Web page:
Bruce Johnson started as a high school teacher in Chicago, then became an associate professor at Northwestern University. Now he's the chief executive of one of the largest privately held TV and film production and distribution companies in L.A. For longer than two decades, Johnson has amassed more than 500 producing credits including feature films, television movies, series and specials, plus educational films and documentaries. Johnson co-founded PorchLight Entertainment with William Baumann in 1995 to specialize in family productions. He has been producing television series such as "Secret Saturdays" for the Cartoon Network; "Tutenstein" for DiscoveryKids; and an award-winning CGI series called "Animalia" for PBS, Canadian television and Network Ten in Australia. In addition to its animation production, PorchLight produces four to five live-action movies a year and the company has a library of more than 1,000 episodes of children's programming and nearly 200 movies. Prior to forming PorchLight, Johnson was executive vice president and general manager of Hanna-Barbera Entertainment Co. In that role, he was a consultant on the creation of the Cartoon Network. The Business Journal sat down with Johnson in his Santa Monica office and talked about what makes him tick, his best days and his worst moments, and how he got into the business of family entertainment.

Question: Did you ever see yourself as a producer of family entertainment?
Answer: I had the ability as a writer but I was really headed for an academic career. Teaching as a professor and writing during my summer breaks and spending the rest of my life living in some small college town is what I had planned at the time.

Q: What did you do then?

A: After I earned my master's degree in English and was certified to teach, I became a teacher at a high school in suburban Chicago where I invented a film as literature course for sophomores and seniors. And the more that I learned about film and television the more I got the bug. I won a fellowship at Northwestern University and went there to continue exploring the worlds of film, television and teaching and how that they all could be combined into one.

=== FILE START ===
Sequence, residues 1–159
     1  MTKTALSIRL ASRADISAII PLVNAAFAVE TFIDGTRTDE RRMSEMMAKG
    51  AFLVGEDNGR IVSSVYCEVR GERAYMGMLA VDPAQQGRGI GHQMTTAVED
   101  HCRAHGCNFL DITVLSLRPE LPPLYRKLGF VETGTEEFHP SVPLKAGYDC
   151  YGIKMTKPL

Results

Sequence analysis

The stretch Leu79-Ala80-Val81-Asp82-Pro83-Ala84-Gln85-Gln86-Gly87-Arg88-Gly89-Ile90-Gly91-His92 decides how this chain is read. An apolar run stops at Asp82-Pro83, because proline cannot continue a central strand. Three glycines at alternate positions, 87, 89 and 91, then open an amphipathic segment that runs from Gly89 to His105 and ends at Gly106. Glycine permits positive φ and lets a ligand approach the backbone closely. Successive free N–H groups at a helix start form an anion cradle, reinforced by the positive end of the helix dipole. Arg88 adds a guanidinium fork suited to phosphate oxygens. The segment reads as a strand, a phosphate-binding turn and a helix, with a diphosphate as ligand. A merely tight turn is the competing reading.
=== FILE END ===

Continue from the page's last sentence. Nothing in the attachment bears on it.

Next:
Q: How did you go from teaching to producing television series and films?

A: I just had a passion for film and storytelling and blending that with teaching. While I was working on my master's in English at Northwestern, I began taking classes in film. So, I ended up taking classes in English, education and film. That launched me into a period after college when I was producing documentaries and that got me started moving farther away from my career goal as a teacher and moving closer toward film and television and eventually animation at Hanna-Barbera.

Q: How did you get the job there?

A: I think that it was the day that I met Joe Barbera. It was in October of 1984 and I met him at his offices on Cahuenga. The building was built in the 1960s, I believe, and had a certain quality about it. But Joe's office was really more like a den. You went past his secretary and around a corner, passed another desk and then into a large room with couches, a coffee table and a big, tinted glass window that he could look out of while sitting in this particular chair that he liked. He was just a really classy guy. I was hired that very day because Joe had wanted to start doing live action.